- U.S. housing starts in April rose 5.7% to 1.24 million units (annualized) from a notable upwardly revised 1.17 million units in March.
- The increase was broad based, with both single and multi-family starts coming in higher. Single-family starts rose by 6.2% to 854k, while the more volatile multi-family segment posted a gain of 4.7% to 381k.
- Permits advanced by 0.6% in April to 1.3 million after three consecutive months of declines. The gain was concentrated in the multi-family segment which was up 8.9%. Single family permits posted its fifth consecutive decline at -4.2%.
- On a regional basis, the outturn was evenly split with significant gains posted in the Northeast (+84.6%), and Midwest (+42.0%), while declines were recorded for the West (-5.5%) and the South (-5.7%).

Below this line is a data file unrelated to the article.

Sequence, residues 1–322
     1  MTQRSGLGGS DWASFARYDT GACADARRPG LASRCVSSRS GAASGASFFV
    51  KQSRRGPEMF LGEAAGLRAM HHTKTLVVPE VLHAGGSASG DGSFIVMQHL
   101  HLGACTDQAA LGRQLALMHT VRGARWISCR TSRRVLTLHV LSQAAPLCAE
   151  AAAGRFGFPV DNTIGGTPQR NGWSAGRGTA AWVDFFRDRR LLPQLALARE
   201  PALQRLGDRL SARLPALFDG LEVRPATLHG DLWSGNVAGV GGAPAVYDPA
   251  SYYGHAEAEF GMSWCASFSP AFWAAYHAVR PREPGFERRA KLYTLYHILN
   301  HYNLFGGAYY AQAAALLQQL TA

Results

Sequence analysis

- Housing starts in April continue to build on modest gains observed in March – reversing the decline that was previously reported for that month. Looking beneath the headline print, the increase was spread across both market segments and featured sizeable gains in two out of four regions.
- Both starts and permits were the strongest they have been in three months, suggesting that despite headwinds faced by the industry, the prospects for greater output in the sector, which has been going through a soft patch of late, is looking better. In fact, homebuilder sentiment reached a seven month high in May.
- On the demand side, moderating homes prices, falling mortgage rates and higher wages should continue to buoy demand as the busy Spring season picks up.